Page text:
Invasive Vine Kills Trees
The reason it got a foothold in our front yard is that the landlord has construed landscaping as having a crew with gang mowers cut the grass in 15 minutes every two weeks through the summer, but the shrubs have not been pruned for several years. The tree in the picture is actually a weed tree itself, but the display points up the vigor of Asiatic Bittersweet once it takes hold. It can grow up to 60 feet and indeed was killing a very tall pine tree until my neighbor cut its vines at the base. It strangles its host and also kills by blocking light. Its victims include two large forsythia bushes, which are so overwhelmed one would never know they were there.
As the article linked above points out, the only way to eradicate (literally, if you know your Latin) is to pull it up by the roots. The cut-off vines on the host can be left in place and will eventually wither away. Berry bunches can be bagged and left in the sun to be killed by the heat, but don't put them in your compost bin.
The berries are very pretty and one is tempted to use them for wreaths and decorations, but the seeds will spread the vine far and wide. In my walks and bus rides, I am seeing more and more of it around the city.
Plainfield has a law on the books about tall grass and weeds on property and this past year many cleanups have been performed. The City Council approves the cost, which then becomes a lien on the property. But invasives such as Asiatic Bittersweet and Japanese Knotweed escape the kind of labor-intensive treatment needed for control.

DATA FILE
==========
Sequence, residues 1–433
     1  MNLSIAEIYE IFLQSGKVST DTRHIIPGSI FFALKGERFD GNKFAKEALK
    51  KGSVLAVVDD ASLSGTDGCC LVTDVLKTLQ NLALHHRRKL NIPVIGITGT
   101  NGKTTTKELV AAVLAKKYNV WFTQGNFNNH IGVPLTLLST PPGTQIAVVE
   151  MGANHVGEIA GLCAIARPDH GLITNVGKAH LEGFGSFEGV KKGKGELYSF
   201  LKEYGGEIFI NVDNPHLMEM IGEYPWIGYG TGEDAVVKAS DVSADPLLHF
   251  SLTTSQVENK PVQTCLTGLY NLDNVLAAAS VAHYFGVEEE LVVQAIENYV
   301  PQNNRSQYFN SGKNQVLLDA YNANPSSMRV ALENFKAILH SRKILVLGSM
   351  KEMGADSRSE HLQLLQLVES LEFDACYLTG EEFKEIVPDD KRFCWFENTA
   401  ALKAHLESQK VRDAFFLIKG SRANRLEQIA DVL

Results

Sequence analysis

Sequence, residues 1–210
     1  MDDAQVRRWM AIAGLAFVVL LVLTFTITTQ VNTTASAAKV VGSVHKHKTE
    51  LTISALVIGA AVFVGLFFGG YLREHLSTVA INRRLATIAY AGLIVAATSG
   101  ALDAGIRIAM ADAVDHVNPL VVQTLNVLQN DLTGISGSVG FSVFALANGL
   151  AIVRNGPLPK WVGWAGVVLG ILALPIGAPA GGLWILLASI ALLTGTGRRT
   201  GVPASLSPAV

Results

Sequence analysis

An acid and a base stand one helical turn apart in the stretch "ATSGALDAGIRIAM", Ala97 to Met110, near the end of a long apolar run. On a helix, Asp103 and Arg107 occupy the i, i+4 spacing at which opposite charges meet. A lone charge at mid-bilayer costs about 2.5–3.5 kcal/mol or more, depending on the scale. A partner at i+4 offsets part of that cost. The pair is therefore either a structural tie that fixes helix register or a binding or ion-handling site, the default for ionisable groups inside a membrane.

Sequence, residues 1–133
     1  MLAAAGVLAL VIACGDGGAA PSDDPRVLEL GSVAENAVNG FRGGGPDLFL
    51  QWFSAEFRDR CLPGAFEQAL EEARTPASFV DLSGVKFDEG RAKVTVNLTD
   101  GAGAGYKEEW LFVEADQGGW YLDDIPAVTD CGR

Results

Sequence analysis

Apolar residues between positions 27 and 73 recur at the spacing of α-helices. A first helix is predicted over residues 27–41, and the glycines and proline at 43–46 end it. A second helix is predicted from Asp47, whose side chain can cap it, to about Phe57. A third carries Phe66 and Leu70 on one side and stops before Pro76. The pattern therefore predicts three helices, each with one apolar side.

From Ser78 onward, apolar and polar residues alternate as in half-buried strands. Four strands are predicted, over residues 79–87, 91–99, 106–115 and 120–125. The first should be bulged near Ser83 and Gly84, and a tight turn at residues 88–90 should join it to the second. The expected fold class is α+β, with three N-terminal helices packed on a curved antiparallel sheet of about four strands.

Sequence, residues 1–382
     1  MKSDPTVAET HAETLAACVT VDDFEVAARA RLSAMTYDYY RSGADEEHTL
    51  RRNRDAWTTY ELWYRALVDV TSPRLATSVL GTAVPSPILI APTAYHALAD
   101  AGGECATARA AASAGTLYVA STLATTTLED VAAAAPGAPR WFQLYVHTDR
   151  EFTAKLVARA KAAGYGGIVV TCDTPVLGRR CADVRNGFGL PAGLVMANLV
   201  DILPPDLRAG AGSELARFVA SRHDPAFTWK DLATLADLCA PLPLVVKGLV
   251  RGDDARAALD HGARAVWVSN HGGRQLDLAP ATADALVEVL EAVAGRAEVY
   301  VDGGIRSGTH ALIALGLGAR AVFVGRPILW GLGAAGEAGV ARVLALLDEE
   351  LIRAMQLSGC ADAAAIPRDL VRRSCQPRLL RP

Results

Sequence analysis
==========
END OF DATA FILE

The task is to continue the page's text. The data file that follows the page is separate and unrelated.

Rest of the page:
Maybe my neighbor and I will get out our loppers and pruning saws one day and tackle the vines, but we are somewhat resentful of the owner's neglect and we are not inclined to do him any favors. Some of the weed trees along our fence have grown as tall as the building.
If you are a property owner, check your yard for this vine. You can identify easily now by the berries. Pull up small vines and dig up bigger ones. In many places across the country, people have also formed volunteer groups to clear invasives out of public parks.
Vigilance against invasives requires both knowing how to recognize them and being willing to make the effort to control or eradicate them. Take a look around before winter takes hold and get some exercise clearing your yard of invasives.